The casual photographer who would purchase a traditional point-and-shoot film camera can also purchase an easy-to-use, one button, digital point-and-shoot that will produce some remarkably-good pictures. Many cell phone cameras fall into this category. These cameras do it all for you - autofocus, auto-exposure, auto-flash, auto-everything. There are plain and simple varieties and point-and-shoot digital cameras that have added features, like removable memory cards. These cameras are generally low resolution cameras - 2MP to 6MP (megapixels) - mainly intended to produce images for computer viewing - meaning in relatively small image sizes. If the images are printed, they will probably look good in a 4" X 6" size, and not much larger than 5" x 7", although, fairly acceptable 8" X 10" prints can usually be made from a 4MP camera, and most certainly can be made from a 6MP camera. Don’t look for too many photographer-controlled options on the lower-priced point-and-shoot models. They won’t have them. Super, high-priced digital models that allow photographers to control everything will generally allow the photographer to use a point-and-shoot mode, too.

HIGH RESOLUTION CAMERAS

Low resolution cameras are so limiting and high resolution cameras are becoming so affordable that fewer and fewer people will opt for the basic entry level models when they can buy a high-res camera for not much more money. These cameras are called “mega-pixel” cameras because their resolution is in the millions range. A mega-pixel (MP) is one million pixels. That’s a lot of resolution, providing good detail in images. Even though their resolution may be greater - seven mega-pixels and even as high as ten to twelve mega-pixels in some affordable models - many cameras remain relatively-simple point-and-shooters for the photographer who wants the camera to take care of all the guess work and calculations. Picture quality of entry-level 6 to 7MP cameras is quite acceptable for most point-and-shoot and many skilled amateur photographers.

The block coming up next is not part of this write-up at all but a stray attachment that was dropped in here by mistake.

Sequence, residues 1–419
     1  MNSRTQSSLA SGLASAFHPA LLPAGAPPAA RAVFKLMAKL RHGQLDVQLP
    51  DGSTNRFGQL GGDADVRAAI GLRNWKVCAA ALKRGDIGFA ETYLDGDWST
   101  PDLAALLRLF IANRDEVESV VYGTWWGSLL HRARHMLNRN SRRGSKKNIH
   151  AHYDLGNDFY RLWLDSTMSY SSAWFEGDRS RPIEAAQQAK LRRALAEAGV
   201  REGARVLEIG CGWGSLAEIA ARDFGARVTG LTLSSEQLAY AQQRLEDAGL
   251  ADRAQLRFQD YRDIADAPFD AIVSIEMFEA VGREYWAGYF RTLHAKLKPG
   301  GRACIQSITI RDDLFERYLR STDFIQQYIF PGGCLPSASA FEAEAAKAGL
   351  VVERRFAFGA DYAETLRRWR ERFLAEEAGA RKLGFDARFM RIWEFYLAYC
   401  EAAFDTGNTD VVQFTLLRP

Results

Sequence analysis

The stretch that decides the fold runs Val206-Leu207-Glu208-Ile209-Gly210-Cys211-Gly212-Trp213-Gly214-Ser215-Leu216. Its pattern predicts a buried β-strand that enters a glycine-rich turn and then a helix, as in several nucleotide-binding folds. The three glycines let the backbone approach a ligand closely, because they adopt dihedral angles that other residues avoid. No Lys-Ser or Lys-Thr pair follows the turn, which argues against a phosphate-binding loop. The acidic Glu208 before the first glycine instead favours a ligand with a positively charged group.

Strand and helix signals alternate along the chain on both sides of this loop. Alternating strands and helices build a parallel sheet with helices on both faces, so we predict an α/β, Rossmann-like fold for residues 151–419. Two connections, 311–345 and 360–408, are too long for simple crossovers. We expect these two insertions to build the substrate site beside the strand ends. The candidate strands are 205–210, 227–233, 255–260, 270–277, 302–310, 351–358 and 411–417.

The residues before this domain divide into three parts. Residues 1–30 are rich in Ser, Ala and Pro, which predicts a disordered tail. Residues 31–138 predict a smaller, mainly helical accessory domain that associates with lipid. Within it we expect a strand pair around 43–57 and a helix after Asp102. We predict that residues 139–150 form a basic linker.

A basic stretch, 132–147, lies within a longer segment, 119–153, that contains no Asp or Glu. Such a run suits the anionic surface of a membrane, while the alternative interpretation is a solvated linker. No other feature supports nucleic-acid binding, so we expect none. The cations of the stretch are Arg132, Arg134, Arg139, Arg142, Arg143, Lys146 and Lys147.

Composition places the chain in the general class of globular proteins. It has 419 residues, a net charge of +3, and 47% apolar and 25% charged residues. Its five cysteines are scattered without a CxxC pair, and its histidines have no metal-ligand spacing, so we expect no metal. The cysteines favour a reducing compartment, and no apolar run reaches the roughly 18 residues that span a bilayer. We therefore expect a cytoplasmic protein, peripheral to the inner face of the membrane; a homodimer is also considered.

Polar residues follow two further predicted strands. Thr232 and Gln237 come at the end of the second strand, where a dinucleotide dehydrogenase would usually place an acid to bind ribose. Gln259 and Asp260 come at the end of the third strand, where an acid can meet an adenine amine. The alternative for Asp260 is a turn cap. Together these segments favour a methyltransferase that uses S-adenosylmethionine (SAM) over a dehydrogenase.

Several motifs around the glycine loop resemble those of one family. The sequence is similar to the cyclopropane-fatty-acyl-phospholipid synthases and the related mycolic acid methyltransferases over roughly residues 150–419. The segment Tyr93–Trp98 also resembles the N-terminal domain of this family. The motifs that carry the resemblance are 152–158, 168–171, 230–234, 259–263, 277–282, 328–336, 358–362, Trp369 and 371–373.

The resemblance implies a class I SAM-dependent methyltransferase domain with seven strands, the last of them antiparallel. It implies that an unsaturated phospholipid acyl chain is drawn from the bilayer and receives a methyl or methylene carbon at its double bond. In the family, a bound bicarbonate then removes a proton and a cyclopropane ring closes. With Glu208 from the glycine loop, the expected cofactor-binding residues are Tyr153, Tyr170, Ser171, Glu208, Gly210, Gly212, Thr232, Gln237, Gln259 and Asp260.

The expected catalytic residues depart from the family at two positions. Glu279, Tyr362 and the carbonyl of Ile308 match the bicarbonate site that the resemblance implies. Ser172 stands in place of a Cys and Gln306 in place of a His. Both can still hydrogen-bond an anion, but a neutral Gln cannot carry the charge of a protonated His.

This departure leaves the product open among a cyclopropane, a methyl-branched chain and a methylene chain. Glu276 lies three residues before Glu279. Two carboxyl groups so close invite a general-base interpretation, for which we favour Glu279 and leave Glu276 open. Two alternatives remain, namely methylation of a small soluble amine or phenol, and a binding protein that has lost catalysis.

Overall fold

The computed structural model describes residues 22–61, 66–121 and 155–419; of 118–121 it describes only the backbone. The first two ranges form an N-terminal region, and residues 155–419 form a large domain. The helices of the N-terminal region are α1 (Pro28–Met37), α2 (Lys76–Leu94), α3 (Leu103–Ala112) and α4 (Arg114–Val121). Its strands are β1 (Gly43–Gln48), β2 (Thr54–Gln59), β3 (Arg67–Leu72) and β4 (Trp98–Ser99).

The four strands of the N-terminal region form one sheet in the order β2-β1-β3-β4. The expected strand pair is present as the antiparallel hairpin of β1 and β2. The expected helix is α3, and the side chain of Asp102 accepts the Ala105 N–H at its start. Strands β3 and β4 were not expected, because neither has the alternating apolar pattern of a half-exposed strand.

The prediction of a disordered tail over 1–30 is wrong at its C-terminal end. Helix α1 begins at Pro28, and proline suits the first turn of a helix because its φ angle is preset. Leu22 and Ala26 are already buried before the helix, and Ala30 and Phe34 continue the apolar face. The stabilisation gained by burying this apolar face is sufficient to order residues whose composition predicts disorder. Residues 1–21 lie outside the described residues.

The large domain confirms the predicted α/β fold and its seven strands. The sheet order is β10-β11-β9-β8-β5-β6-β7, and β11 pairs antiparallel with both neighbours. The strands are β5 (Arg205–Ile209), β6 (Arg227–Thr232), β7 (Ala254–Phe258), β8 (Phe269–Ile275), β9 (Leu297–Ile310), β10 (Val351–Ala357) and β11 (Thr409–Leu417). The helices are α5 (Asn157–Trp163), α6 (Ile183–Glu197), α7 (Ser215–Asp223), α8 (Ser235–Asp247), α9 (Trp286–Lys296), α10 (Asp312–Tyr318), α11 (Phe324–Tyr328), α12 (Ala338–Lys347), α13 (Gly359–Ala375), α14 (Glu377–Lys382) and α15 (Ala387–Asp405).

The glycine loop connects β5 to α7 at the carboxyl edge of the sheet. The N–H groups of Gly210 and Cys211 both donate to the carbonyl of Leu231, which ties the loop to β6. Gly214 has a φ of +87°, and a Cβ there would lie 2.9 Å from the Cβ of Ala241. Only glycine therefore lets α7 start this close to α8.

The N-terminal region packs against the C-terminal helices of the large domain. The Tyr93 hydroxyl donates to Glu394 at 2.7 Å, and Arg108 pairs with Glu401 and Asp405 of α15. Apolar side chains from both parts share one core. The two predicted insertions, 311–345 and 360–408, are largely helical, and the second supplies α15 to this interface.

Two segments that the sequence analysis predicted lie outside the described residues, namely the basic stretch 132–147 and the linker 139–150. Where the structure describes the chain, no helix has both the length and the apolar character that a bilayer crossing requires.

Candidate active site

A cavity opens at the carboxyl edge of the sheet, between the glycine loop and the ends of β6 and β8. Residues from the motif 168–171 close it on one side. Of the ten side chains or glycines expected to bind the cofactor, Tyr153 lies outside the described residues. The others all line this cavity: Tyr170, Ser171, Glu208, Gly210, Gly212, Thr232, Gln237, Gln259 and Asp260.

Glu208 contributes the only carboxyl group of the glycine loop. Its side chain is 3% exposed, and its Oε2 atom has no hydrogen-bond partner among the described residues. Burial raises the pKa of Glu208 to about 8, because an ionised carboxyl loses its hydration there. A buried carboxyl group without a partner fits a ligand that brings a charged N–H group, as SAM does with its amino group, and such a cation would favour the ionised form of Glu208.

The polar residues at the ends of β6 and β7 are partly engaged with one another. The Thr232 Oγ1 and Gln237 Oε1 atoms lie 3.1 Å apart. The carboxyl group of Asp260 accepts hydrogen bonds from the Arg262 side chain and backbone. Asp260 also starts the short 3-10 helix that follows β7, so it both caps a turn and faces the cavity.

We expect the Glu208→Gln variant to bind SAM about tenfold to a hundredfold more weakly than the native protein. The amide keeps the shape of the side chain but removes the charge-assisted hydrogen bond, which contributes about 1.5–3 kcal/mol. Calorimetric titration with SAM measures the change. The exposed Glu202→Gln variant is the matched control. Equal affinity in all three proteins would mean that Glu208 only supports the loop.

ADVANCED HIGH RESOLUTION DIGITAL CAMERAS

The digital camera market has become quite sophisticated and manufacturers have kept up with it. The serious photographer has a choice between really good quality digital cameras that are relatively-affordable and SLR-quality digital cameras that command high prices and can produce superb images similar to those achievable with film. The price differential is significant. A good digital camera with excellent, user-controlled features, a good lens (or interchangeable lenses) and moderately-high resolution output can be purchased in the $350 to $1,000 range, while the very top digital cameras for pro use will run four or five times as much, and more when essential accessories are included.

The Nikon D70 is a versatile camera suited to the advanced amateur. It has a max. resolution of 6.1MP, shoots at 3 fps (frames per sec.), and accepts a range of lenses.
The Nikon D70 is a versatile camera suited to the advanced amateur. It has a max. resolution of 6.1MP, shoots at 3 fps (frames per sec.), and accepts a range of lenses.

A top-of-the-line digital camera, the Nikon D2X is a photographer's dream, with features that rival those of the most-advanced film SLR cameras.
A top-of-the-line digital camera, the Nikon D2X is a photographer's dream, with features that rival those of the most-advanced film SLR cameras.

TOP-END “PHOTOJOURNALIST” DIGITAL CAMERAS

The very best professional digital cameras offer features that are similar to the best traditional cameras. Few digital photographers can afford the price tag for these outstanding cameras that rival just about anything that traditional cameras can produce. Photographers who work for the media have embraced them because their images, once taken, are in digital format, immediately ready to be transmitted electronically for publication. No film to process. Just shoot, select, transmit, and it’s ready to be edited and printed, whether the publication is in Singapore or Brazil and the photograph was taken in Canada or South Africa.

The Nikon D2X shown on the left has a maximum resolution of 12.4MP, interchangeable lenses and no perceptible shutter lag. Canon's EOS 60D has a maximum resolution of 18MP. And that's not the upper end yet. Because so many professional media photographers have taken to these super digital cameras (perhaps because they have to have them to be competitive or are among the few who can afford them - although prices have been coming down), they have been termed “photojournalist” digital cameras.

Your purchase of one of these dSLR (Digital Single Lens Reflex) cameras is as good as you can get, digitally. The camera has so many well-thought-out features that, on full-automatic operation, it will almost take the picture for you. But, owning such a camera doesn’t automatically make you a good photographer. You still need to understand basic composition, good posing, and so on. Having the world’s best hammer doesn’t make you a top carpenter.


Further information...

Using 35mm SLR lenses on dSLR camera bodies
Related topics...

Buying a camera

Buying the right digital camera for you